Glenwood applies for Google broadband | PostIndependent.com

Glenwood applies for Google broadband

John Gardner
Post Independent Staff
Glenwood Springs, CO Colorado

GLENWOOD SPRINGS, Colorado – Glenwood Springs is among the many communities across the United States hoping to be selected to participate in an ultra high-speed broadband network installation project presented by Internet search engine Google.

“It’s a way to build on the current system and take a giant leap forward in terms of the access to data in Glenwood,” said Glenwood Springs Mayor Bruce Christensen.

Google announced plans for the Gigabit Fiber-to-the-Home broadband research project in February. According to Google’s website, the company plans to test an ultra-high speed broadband network in one or more trial locations across the United States. The company claims that the trial system would bring Internet access to residents through fiber optic connections at 1 gigabit per second speeds that are estimated at 100 times faster than what most Americans have access to currently.

Google says that it will offer service at a competitive price and estimates that the trial project will reach between 50,000 and 500,000 residents, most likely in multiple communities nationwide.

Google put out a Request for Information (RFI) to municipalities to determine which will be selected in the trial project. The deadline for applications is Thursday, March 26. The RFI is only the first step in the process, but Google plans to announce a target community sometime this year, and Christensen thinks that Glenwood is a perfect candidate for the project.

“We think we offer some items that really make Glenwood a great site for the project and are hoping that they look at our application and choose to follow up more closely,” Christensen said.

Christensen said that some of the key reasons that Glenwood, in his opinion, has a good chance of being selected is because the city already has a fiber-optic “backbone” in place. The city owns its own electric company and retains the right of way and conduit needed to install the new system, and the fact that Glenwood has the legal authority to install and expand a fiber-optic network.

“We are way ahead of other towns in Colorado,” Christensen said.

Installation costs for this type of project were not apparent, but Christensen was hoping that Google would provide some assistance.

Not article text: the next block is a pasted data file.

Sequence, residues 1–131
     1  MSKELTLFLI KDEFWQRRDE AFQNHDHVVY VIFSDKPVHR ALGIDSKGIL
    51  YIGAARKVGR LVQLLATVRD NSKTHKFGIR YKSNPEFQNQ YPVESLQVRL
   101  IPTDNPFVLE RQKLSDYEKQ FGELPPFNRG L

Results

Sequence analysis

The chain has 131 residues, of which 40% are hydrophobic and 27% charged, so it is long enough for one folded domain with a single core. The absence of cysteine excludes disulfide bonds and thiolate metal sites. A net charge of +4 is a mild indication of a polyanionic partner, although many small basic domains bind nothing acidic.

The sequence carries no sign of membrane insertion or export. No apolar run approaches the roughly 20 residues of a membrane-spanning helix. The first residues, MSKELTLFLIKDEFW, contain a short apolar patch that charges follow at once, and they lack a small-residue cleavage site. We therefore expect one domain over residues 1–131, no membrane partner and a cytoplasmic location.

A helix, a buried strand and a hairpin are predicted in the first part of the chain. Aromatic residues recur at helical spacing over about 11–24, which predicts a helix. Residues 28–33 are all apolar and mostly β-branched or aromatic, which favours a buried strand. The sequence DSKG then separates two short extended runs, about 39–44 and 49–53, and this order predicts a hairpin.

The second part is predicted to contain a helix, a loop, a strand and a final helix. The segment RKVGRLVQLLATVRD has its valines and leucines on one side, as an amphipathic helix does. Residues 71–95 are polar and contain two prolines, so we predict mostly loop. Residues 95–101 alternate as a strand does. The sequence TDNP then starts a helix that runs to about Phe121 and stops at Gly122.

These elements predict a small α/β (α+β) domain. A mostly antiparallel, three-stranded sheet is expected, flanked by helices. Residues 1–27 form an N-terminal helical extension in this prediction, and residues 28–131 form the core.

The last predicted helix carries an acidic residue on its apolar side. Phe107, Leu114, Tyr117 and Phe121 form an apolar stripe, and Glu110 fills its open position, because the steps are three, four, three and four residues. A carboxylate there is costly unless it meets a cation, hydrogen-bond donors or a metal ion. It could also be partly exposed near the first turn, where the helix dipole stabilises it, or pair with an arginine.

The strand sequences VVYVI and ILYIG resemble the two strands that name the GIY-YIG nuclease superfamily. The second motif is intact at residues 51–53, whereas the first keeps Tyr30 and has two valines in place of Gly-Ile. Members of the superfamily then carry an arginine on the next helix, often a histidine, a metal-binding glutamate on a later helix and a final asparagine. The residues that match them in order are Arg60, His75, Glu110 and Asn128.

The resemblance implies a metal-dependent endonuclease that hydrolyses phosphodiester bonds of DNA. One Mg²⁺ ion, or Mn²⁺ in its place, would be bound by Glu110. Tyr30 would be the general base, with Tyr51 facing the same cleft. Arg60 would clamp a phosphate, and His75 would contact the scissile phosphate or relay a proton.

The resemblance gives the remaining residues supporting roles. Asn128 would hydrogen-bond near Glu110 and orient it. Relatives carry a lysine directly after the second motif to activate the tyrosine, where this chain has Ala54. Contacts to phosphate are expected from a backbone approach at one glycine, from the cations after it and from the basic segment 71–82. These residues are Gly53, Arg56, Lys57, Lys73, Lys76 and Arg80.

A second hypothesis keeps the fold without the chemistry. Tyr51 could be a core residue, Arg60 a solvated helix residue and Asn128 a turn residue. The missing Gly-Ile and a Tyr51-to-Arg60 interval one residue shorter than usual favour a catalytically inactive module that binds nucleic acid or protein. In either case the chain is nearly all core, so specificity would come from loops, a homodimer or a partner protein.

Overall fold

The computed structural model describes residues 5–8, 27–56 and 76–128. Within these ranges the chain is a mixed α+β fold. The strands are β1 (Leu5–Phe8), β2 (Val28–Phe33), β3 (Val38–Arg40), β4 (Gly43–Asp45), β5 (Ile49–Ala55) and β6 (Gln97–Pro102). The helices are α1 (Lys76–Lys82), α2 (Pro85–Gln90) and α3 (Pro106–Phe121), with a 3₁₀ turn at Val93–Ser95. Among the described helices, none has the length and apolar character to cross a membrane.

“We are hoping that Google is going to fund the installation of the system in the communities, which is one of the reasons I’m so strongly supporting this,” he said.

As for service cost, the company says that a final price has not yet been determined, but the company intends to offer service at a competitive price. The company has yet to set a launch date for the network.

Glenwood Springs currently has a fiber-optic Community Broadband Network, which was installed in 2002, that delivers 100 megabits per second speeds. The network provides Internet service to businesses through the Glenwood Springs Community Broadband Network, and also provides infrastructure for other local Internet Service Providers – Skybeam Internet and ROF.net – to provide service to residences.

Voters OK’d the city to pursue expanding the network in April 2008. The plan considered at the time was estimated to cost between $10-$12 million for the expansion, which was to be repaid through user fees. However, another vote was required to authorize the city to enter into the $12 million bond issue to pay for the expansion.

According to City Manager Jeff Hecksel, the community broadband network currently loses about $200,000 per year because the costs involved are greater than the revenues. However, Hecksel said that the amount will fluctuate from year to year.

“I think we have made some strides to reduce costs and boost revenues,” Hecksel said.

Christensen said that there was a great deal of support in 2008 from the community to expand the network. He said that he met with both Qwest and Comcast in 2008 on partnering on the expansion. Neither company was interested, he said.

Concurrently, the economy tanked and “It didn’t seem like a good time to expand,” Christensen said. So the expansion was never pursued.

But this new project would be a perfect place to pick up the project.

“The plan was for the city to install a fiber network that would help prepare Glenwood for the future of Internet operations,” Christensen said. “All of the uses of the Internet are becoming more and more popular and require more bandwidth, and the fiber allows that.”

jgardner@postindependent.com


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